An Ohio University Benefits from New Technology and Innovation to Recreate a Historic Cupola

cupola restoration

Every April at Baldwin Wallace University’s Bach Festival, approximately six members of the university’s brass choir carry their instruments to the cupola atop historic Marting Hall and perform from on high. The Berea, Ohio, university’s ornate building tower offers an apt setting for the festival, which symbolizes Baldwin Wallace’s commitment to artistic and academic excellence. When the cupola’s paint started to peel, however, crews discovered the tower’s cladding was deteriorating and the cupola needed its own version of artistic talent to maintain the building’s character.

To obtain the profile of the original mouldings, some of the PVC versions are a combination of four or five different sheets put together and then turned down. Custom-ground knives were made for the moulder to match the profiles before the pieces were sent through the CNC machine.

To obtain the profile of the original mouldings, some of the PVC versions are a combination of four or five different sheets put together and then turned down. Custom-ground knives were made for the moulder to match the profiles before the pieces
were sent through the CNC machine. PHOTO: Versatex

Local building restoration company American International Construction had been working at the Baldwin Wallace campus for more than a decade and Bill Kerbusch, the university’s director of buildings and grounds, tasked the company with the cupola’s restoration. “It turned out to be a very intense project,” Kerbusch says. “Every little piece up there had to be refabricated to match the original.”

Designed by the firm of Cramer and Fugman, Marting Hall was dedicated in 1897. The building is home to offices and classrooms for the history, religion and English departments. The 13-foot 11-inch by 13-foot 11-inch cupola’s construction was wood frame covered in thin galvanized tin. The metal work was so intricate that Bill Perry, contractor and project manager for American International Construction, says he had never seen anything like it. “It was tremendous sheet-metal work,” Perry asserts. “These craftsmen made mouldings by rounding flat sheet metal. Five different pieces of metal were attached with 1-inch nails and then leaded together. It was all flashed together perfectly. The detailing was incredible.”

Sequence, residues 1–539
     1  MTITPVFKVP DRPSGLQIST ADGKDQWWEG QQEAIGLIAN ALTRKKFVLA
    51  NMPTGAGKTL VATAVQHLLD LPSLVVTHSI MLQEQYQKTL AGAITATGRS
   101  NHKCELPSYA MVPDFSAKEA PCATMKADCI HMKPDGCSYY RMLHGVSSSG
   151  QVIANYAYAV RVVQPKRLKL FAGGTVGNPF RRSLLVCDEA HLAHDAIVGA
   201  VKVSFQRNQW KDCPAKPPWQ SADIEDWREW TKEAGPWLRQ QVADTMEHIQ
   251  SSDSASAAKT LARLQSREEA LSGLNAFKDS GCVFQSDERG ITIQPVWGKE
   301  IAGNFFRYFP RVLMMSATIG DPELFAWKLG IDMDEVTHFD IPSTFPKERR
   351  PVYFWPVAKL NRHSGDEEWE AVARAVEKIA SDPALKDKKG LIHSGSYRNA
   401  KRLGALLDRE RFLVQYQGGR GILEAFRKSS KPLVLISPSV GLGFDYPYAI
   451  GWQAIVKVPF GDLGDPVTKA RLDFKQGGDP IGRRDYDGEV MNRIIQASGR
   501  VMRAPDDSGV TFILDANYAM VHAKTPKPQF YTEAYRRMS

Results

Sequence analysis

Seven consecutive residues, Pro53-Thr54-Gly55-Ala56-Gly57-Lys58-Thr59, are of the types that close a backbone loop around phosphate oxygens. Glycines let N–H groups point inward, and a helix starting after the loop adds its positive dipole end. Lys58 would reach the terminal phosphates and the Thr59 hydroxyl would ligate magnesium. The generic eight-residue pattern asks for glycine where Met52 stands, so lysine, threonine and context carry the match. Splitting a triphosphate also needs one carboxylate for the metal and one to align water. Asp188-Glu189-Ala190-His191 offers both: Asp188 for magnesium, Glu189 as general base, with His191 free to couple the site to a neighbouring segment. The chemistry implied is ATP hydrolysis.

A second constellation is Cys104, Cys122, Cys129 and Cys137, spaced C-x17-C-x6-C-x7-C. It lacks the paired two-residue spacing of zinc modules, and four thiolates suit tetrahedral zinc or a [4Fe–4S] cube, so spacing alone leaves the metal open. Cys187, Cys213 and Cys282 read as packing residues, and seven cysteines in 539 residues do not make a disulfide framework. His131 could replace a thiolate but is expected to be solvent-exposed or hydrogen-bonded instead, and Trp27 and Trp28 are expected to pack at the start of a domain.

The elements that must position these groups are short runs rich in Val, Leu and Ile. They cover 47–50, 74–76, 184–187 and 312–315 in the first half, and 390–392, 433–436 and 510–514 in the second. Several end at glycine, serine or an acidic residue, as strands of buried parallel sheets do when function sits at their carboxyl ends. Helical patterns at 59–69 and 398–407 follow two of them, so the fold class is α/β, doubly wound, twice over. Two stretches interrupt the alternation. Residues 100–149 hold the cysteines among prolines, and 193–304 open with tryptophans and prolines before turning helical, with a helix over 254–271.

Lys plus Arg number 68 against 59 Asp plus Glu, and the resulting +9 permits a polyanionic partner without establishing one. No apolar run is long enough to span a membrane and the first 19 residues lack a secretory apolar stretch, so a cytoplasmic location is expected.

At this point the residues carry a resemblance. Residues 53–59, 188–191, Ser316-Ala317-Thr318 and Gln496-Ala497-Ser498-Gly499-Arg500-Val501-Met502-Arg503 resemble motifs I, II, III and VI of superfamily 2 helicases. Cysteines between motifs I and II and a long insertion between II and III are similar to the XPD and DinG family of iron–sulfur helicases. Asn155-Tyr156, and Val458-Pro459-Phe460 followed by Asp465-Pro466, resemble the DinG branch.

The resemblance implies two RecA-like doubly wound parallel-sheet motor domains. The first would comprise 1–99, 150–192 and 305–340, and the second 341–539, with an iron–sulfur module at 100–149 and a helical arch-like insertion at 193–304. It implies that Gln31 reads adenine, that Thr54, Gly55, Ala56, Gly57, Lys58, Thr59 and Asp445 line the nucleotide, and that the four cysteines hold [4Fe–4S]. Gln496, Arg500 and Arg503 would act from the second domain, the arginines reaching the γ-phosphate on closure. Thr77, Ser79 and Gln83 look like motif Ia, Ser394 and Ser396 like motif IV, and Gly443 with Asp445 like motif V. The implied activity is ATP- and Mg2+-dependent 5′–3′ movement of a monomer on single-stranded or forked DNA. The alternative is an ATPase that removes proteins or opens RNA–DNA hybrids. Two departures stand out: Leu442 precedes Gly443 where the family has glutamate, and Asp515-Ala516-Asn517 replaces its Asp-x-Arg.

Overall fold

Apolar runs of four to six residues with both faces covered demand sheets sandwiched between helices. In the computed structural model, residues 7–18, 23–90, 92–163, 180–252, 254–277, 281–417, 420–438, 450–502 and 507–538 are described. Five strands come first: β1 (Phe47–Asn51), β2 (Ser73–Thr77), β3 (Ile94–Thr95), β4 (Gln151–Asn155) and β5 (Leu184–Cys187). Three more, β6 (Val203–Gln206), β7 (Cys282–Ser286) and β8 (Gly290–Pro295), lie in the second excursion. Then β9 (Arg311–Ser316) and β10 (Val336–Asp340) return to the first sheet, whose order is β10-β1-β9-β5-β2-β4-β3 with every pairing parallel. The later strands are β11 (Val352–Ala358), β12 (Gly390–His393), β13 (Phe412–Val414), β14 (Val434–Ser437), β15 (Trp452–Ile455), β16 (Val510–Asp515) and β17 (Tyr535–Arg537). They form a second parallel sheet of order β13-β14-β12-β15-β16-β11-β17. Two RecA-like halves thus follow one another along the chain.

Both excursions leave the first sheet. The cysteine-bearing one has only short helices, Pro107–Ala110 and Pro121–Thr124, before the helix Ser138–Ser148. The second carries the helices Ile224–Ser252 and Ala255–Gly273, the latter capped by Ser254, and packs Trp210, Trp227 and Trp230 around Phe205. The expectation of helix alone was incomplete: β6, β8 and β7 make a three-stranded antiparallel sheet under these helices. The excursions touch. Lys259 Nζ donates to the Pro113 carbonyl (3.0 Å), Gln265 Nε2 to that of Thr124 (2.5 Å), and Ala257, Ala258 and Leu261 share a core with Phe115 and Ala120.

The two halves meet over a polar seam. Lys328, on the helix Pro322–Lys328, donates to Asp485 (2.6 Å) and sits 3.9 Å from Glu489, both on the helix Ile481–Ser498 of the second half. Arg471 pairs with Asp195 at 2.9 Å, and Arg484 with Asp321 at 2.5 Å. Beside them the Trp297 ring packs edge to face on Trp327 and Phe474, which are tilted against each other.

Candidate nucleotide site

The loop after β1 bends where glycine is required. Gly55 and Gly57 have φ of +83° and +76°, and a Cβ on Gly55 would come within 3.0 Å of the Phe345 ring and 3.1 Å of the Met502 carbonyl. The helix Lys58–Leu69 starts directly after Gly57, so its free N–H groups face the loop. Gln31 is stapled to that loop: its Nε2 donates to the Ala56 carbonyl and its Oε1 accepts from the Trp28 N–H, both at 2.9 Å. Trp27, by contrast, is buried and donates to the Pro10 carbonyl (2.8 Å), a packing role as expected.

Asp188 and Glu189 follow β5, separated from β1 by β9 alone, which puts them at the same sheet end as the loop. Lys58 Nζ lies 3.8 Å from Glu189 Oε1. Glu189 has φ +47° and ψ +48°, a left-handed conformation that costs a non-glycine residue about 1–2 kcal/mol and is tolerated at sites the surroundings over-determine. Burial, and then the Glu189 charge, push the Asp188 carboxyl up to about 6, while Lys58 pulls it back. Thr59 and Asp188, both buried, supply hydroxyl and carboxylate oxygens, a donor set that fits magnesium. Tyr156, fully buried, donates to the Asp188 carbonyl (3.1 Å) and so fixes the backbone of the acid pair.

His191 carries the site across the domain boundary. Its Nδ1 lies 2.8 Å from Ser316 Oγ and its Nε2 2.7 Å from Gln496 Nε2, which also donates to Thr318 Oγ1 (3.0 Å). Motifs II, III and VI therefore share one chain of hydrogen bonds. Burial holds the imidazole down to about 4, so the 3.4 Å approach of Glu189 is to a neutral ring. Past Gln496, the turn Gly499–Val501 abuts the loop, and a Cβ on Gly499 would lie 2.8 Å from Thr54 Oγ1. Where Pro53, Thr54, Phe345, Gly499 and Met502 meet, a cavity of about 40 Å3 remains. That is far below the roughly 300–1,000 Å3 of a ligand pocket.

The wood frame below the galvanized tin was in good condition but the team knew it could not replicate the metal work. Exterior details could be refabricated in wood but they would rot eventually, and the types of wood that hold up best outdoors–Spanish cedar and mahogany–were very expensive. PVC presented a unique solution. Recladding the wood frame in PVC made the project financially feasible, and it would be virtually impervious to the weather, offering long-term durability and low maintenance.

Detailed Operation

Perry’s office undertook extensive research and located original photos through the university, but neither the university archives nor the Library of Congress had original drawings. To remain true to the historic profiles, everything on the cupola had to be meticulously field measured. Perry enlisted Bill Sandrock, owner and manager of Stratton Creek Wood Works, Kinsman, Ohio, to help fabricate the job. Perry and Sandrock divided the tasks and worked very closely together. American International Construction undertook all the flat vertical and horizontal pieces that had to fit seamlessly together, as well as the spires, and Stratton Creek Wood Works fabricated the round mouldings, handrails, corbels and column covers. Some of these pieces were slowly disassembled, taken to Sandrock’s shop and recreated, while Perry kept others to verify and change drawing dimensions as pieces were produced.

When the cupola's paint started to peel, crews discovered the tower's cladding was deteriorating. PHOTO: Bill Perry

When the cupola’s paint started to peel, crews discovered the tower’s cladding was deteriorating. PHOTO: Bill Perry

The job demanded exceptional attention to detail. For example, to obtain the profile of the original mouldings, some of the PVC versions are a combination of four or five different sheets put together and then turned down. Custom-ground knives were made for the moulder to match the profiles before the pieces were sent through the machine.

Accurate drawings were critical for proper duplication. “I painstakingly hand drew each of my pieces in AutoCAD and sent them to the CNC [computer numerical controlled] equipment,” Sandrock describes. “We did a lot of the curved pieces on the CNC router because it allows us to do intricate work that was once done by hand more cost-efficiently. Even with the help of machines, the detailed millwork took us approximately 1,100 man-hours.”

Dimensional Quandary

Details were just one facet of the job. Getting exact dimensions was a significant effort. The original sheet metal had a 1/100-inch thickness and the PVC material was 3/4- to 1 1/2-inches thick. “That changes the depth and height of the pieces, as well as all the intersections,” Perry says. “We had to take that into account and glue the laminate pieces together to get the right thickness for it to look like the original.”

To complicate matters, all the original metal pieces had been hand-hammered into shape, so each piece was unique. When one piece on the cupola had a 5-inch detail and a corresponding piece measured only 4 1/2 inches, Perry and Sandrock would split the difference in their fabrications.

About the Author

KJ Fields
KJ Fields writes about design, sustainability and health from Portland, Ore.

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